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Article
September 1945

CAVERNOUS DEGENERATION, NECROSIS AND OTHER REGRESSIVE PROCESSES IN OPTIC NERVE WITH VASCULAR DISEASE OF EYE

Author Affiliations

GLASGOW, SCOTLAND
From the Tennent Institute of Ophthalmology, Glasgow University (Prof. W. J. B. Riddell).

Arch Ophthalmol. 1945;34(3):220-226. doi:10.1001/archopht.1945.00890190220008
Abstract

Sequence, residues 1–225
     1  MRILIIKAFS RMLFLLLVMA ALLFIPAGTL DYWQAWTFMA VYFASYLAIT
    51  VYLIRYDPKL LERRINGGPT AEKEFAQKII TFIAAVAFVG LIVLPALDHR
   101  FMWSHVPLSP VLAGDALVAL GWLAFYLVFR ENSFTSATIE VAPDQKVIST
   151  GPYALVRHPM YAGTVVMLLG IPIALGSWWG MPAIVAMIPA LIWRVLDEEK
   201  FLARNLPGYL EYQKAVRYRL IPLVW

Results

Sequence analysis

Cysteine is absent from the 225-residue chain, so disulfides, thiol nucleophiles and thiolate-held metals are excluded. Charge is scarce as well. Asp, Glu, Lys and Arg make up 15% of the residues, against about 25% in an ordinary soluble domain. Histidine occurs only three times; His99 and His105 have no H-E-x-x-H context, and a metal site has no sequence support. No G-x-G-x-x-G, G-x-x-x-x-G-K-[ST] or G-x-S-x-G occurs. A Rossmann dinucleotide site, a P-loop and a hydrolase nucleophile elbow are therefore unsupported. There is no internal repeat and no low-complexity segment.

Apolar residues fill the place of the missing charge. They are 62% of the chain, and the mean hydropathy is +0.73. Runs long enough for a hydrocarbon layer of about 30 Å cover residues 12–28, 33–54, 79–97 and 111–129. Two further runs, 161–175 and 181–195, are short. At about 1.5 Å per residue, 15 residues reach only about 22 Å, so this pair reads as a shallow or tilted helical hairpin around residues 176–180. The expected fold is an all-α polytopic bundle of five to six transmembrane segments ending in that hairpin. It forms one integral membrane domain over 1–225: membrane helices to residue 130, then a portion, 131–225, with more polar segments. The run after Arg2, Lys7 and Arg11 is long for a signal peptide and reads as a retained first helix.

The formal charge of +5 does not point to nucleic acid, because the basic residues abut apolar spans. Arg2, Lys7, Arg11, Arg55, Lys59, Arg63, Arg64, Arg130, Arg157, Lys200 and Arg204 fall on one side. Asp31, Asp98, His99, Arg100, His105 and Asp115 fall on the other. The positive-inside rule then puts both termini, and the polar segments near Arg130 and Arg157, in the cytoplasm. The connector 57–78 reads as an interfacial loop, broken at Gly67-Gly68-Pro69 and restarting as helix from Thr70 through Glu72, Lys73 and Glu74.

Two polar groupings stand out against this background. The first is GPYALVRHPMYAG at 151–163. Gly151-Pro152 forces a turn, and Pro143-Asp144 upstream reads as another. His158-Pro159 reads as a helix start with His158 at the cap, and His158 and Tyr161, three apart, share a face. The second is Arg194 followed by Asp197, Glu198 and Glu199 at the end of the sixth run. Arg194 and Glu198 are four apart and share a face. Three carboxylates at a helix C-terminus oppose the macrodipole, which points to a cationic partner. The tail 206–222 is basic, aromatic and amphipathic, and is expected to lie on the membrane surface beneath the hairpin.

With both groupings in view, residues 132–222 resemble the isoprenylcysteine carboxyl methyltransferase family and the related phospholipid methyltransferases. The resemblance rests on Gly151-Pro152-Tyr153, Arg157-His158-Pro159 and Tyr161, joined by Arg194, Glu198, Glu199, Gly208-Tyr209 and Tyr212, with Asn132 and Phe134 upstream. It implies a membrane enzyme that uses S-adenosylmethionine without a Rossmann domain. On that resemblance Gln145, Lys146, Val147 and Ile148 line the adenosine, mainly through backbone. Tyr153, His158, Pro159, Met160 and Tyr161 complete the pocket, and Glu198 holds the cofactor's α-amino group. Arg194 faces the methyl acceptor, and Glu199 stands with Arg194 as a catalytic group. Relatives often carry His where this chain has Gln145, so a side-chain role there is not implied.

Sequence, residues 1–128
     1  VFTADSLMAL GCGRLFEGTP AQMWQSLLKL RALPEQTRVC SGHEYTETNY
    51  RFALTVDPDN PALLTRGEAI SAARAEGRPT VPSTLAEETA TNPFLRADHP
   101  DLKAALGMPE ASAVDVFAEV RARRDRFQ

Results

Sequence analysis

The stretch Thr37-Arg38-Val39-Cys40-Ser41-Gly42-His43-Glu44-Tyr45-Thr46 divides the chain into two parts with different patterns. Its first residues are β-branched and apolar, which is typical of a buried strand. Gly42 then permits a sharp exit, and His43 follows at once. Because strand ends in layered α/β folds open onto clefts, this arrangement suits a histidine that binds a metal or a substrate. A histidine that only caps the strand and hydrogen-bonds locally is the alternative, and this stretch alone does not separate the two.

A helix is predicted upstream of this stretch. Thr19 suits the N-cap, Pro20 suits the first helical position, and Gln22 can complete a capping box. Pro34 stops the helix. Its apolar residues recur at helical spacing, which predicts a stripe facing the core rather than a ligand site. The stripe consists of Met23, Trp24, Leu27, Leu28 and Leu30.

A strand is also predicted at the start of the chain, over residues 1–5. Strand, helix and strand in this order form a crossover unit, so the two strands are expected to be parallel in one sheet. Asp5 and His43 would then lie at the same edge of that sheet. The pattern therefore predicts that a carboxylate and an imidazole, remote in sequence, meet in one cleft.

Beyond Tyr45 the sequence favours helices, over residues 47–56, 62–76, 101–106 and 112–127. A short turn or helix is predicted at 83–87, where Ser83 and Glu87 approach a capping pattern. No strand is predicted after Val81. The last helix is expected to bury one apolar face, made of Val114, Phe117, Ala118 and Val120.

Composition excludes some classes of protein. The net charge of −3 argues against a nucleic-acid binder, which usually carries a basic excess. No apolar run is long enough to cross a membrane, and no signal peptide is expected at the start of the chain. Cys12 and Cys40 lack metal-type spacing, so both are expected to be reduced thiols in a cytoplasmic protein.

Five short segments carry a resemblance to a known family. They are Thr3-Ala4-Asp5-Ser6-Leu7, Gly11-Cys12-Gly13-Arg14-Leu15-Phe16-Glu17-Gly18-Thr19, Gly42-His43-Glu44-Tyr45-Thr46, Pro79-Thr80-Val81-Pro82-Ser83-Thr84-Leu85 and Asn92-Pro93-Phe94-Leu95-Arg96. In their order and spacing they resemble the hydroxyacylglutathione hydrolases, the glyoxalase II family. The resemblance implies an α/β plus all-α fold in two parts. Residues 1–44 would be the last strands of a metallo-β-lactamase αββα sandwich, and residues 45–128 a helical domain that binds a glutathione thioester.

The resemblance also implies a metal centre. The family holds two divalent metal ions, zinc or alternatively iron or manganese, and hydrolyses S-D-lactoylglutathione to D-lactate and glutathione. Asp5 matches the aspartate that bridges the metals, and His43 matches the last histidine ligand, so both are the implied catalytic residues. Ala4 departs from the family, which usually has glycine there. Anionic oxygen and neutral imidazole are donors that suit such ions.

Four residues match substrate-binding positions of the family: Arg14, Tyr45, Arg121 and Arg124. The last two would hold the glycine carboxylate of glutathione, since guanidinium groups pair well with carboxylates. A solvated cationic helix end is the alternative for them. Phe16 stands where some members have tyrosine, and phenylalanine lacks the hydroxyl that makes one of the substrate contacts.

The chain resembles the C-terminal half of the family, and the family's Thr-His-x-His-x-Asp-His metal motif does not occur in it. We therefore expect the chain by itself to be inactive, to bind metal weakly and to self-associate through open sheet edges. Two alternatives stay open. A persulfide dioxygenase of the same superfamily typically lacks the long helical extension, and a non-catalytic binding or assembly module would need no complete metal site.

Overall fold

Schnabel discovered cavernous degeneration in the tissue of the optic nerve in glaucomatous eyes. He1 and his pupil Elschnig2 declared that the condition was peculiar to glaucoma. Other investigators, like Axenfeld and Stock,3 found cavernous changes in the nerve in cases of high myopia. Koyanagi and Takahashi4 and other authors observed the condition in eyes excised for intraorbital tumor. Lagrange and Beauvieux5 demonstrated pronounced vascular changes in glaucomatous eyes which showed cavernous degeneration of the nerve. In several cases of primary glaucoma they discovered sclerosis and obliteration of the laminar and retrolaminar vascular twigs in the optic nerve. It is interesting that they correlated cavernous degeneration of the optic nerve with similar features described in brain tissue in association with vascular disease, called by Pierre Marie état lacunaire and by C. and O. Vogt état criblé. It is likewise interesting that Duke-Elder6 stated that

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